When Google gets frustrated with the complexities and slow speed of Internet technology, they do what Google does best — they solve for it. They set out to create a new language that was fast, worked on large server systems, scaled well, and could run concurrency smoothly. The result is Go. And, when our customers speak, AppDynamics does what it does best — we listen!
AppDynamics announces its official support for Go
We’re excited to officially announce our support for Go! In our Spring ‘17 release, application teams may take advantage of the AppDynamics platform now available for their Go apps. Monitor your Go applications in real time, correlate transactions across your distributed environment, and diagnose performance bottlenecks while running in a live production or development environment.
What Is Go?
Go was created in 2007 by Ken Thompson, Rob Pike, and Robert Griesemer, along with a number of contributors. One of the most prominent is Thompson, who also wrote the B programming language and was instrumental in the design and introduction of the Unix operating system.
Google formally introduced Go in November of 2009 and began using it in some of their production systems. Other companies soon began deploying it as well. There is an open-source version called “gc” that works on a number of platforms including UNIX, Windows, BSD, and Linux. As of the beginning of 2015, it also works on smartphones and mobile devices. A second version, “gccgo,” is a frontend component for the GNU Compiler Collection (GCC).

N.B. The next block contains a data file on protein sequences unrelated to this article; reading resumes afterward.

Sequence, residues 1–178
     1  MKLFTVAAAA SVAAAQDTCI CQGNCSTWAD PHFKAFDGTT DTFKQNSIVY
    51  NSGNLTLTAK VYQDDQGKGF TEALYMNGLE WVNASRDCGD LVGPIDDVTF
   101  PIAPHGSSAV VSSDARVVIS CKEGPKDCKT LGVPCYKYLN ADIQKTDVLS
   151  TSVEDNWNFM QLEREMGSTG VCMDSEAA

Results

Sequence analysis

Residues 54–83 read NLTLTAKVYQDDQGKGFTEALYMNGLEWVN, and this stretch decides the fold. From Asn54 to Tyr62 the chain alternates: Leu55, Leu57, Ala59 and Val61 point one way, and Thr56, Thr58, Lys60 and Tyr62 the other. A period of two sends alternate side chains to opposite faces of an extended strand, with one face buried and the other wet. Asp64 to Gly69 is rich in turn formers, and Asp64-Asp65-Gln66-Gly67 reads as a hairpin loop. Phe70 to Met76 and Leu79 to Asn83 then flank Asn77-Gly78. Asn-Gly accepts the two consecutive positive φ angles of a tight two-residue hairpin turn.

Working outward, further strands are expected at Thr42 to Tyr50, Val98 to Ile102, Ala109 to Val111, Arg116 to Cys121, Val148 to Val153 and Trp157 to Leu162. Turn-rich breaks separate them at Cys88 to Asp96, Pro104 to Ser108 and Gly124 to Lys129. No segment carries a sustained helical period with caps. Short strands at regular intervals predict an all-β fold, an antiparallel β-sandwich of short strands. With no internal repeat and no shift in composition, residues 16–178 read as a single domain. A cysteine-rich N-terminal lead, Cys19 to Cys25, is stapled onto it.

The language began as an experiment among several Google programmers. They wanted to create a new language that took care of some of the problems of other languages while keeping their positive attributes. They wanted it to be statically typed and highly scalable. It also had to be legible and productive, foregoing many of the keywords and repetition of other languages. They also wanted to handle networking and multiprocessing quickly and easily. The engineers who worked on the project had a deep-seated disdain for the complexity of C++. Go shares some of the characteristics of C, but is built to be simpler, safer, and more concise.
Go uses unique approaches to handle the problems common in other languages. It has built-in concurrency, channels, and lightweight processes called goroutines. The toolchain creates statically linked binaries with no dependencies from external sources. It uses an interface instead of virtual inheritance and type embedding rather than non-virtual inheritance. Go is statically typed, open-source, and compiled. Published under BSD licensing, it also has (among other features):
- Memory safety components
- Garbage collection
- Concurrent programming